Tag Archives: Camp

Dead Alive (Brain-Dead) (1992)

Be forewarned, this is grade-B all the way, so if you are a no-fun fuddy-duddy like my mom or need an Oscar pedigree for every film, you watch, you will probably find this equal parts tedious and repellent. However, for those with a subversive wit and tolerance for bad taste and a ridiculous amount of blood and gore, look no further. This is your movie.

Lionel (Timothy Balme) is just your ordinary Bates-ish momma’s boy who is astonished when cute Hispanic shopkeeper Paquita (Diana Peñalver) takes an interest in him. Now this is the 1950’s, so whites and minorities were not the best of friends, but Lionel is about to face a lot more than close-mindedness when his domineering mother Vera (Elizabeth Moody) gets herself bitten by a mysterious Sumatran rat-monkey and becomes a flesh-eating zombie.

Instead of killing his mother like most people would do, Lionel lets her fester, much to the misfortune of everyone around him. Meanwhile, sleazy Uncle Les (Ian Watkin) prowls around, trying to steal Lionel’s inheritance, and the body count rises.

This is early Peter Jackson, before he became a Hollywood bigwig and brought to life the Hobbits of the shire. Now I’d like to say that “Lord of the Rings” means a lot to me, and that I am a LOTR nerd who owns a life-size replica of Saramaun’s staff and can speak elvish. Okay, maybe not. But I’ll be damned if I don’t prefer “Dead Alive,” with all its bile and guts and mounds of intestines and rotten flesh.

I’ll be damned if Frodo and Sam’s touching friendship doesn’t make me fall asleep. Maybe it was all my Dad’s “Lord of the Rings” marathons (featuring the four-hour extended editions), but I think I’m just about Shired out. And now that I’ve turned in my movie fan card and revealed myself as the charlatan and the fraud that I am, I concur.

The acting is… meh. Nobody’s going to winning any academy awards, but the actors seem to be having a good time and so are we. There are many memorable scenes (the kung-fu priest being a particular favorite) and there are some creative shots. Gorehounds will find more than enough gore n’ guts to satisfy their bloodlust.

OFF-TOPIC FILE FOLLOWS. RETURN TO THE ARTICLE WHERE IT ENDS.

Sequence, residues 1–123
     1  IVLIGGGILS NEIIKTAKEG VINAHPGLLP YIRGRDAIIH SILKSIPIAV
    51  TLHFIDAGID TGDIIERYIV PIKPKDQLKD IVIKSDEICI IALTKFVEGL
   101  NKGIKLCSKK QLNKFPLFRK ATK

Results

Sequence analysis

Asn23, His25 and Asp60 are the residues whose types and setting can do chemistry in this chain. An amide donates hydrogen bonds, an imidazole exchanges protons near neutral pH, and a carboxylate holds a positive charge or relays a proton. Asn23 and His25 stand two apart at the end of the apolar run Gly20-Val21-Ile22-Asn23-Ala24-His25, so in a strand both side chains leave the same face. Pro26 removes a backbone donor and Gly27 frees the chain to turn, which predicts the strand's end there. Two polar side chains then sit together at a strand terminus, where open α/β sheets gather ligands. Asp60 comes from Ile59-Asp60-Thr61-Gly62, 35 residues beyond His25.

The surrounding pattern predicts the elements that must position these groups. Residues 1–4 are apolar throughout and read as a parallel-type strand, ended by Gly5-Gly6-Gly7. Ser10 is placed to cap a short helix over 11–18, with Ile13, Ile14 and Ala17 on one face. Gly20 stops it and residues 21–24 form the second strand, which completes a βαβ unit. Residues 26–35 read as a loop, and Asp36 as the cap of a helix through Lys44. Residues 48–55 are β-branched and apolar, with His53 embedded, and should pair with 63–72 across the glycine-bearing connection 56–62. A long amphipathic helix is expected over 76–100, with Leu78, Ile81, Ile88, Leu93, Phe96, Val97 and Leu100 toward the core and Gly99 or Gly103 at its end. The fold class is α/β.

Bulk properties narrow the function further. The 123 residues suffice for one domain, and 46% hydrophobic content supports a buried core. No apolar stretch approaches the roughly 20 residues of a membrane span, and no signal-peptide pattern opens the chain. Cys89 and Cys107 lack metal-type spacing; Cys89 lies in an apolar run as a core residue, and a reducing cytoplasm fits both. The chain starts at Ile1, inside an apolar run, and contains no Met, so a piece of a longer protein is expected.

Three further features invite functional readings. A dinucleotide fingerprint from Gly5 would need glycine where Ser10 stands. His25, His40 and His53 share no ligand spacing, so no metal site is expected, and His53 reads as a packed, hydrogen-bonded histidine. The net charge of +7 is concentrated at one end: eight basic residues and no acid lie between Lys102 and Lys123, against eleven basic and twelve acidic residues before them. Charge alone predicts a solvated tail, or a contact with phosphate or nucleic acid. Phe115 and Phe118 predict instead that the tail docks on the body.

“Dead Alive” is the ORIGINAL Rom-Zom-Com, before “Shaun of the Dead,” before “Zombieland,” before “Warm Bodies,” and before the many additions of the genre to come. In 1992 it was considered by many to be the goriest film of all time, and I wonder what progressions have been made, especially in the Japanese horror genre.

People who enjoy “bad” movies that are actually good movies with a subversive sense of humor will find a lot to like in “Dead Alive,” and if you don’t like it, shame on you. Go watch “Citizen Kane” or “Gone With the Wind,” and stay off my blog, which is way too cool for you. Fin.

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Forbidden Zone (1982)

“The Forbidden Zone” takes place in a world entirely unlike our own. From the bizarre recreation of California to the freaky-deaky “Forbidden Zone” of the title, nothing looks the way it should look and none of the characters act the way a normal person would act under any given circumstances.

This is absolutely one of the weirdest movies I have seen in my life. If this intrigues you, this may be the movie for you. If not, maybe not. This bizarre surrealist musical follows Susan B. “Frenchy” Hercules (Marie-Pascale Elfman), a Californian with a pretentious French accent, who passes through a door in her parents’ basement to the “Sixth Dimension” a bizarre world ruled by a jealous queen (Susan Tyrrell) and amorous dwarf king (Hervé Villechaize,)

Frenchy quite willingly becomes the dwarf’s sex slave, but the queen, Doris, becomes determined to destroy her. Meanwhile, Frenchy’s dunderhead brother Flash and Grandpa enter the Sixth Dimension, hoping to rescue her.

The acting ranges from okay (Hervé Villechaize, Susan Tyrrell) to poor (Matthew Bright, as twin brothers Rene & Squeezit). The music, however, was quite good. I especially liked the voices of Marie-Pascale Elfman and Susan Tyrrell, whose throaty tune “Witch’s Egg” was strangely captivating.

This movie is not for the easily offended. There are racist stereotypes (thought by many to be a satiric portrayal of bias in Hollywood) and out-there sexual content. As a comedy, it’s a little weak (certainly not a laugh-out-loud movie). As a musical, it’s quite strong (with songs composed by the director’s brother, Danny Elfman, who later became a composing regular in Tim Burton films.)

“Zone” will divide audiences. For die hard fans of surrealism and cult weirdness, the film will offer subversive pleasures; for the average person, it won’t offer much. For people to whom “Inception” is hard-core weirdness, it will shock and repel. Regardless, it is a polarizing experience and a original picture, if not a particularly coherent one. I leave this one up to you.

rating-
6.0/10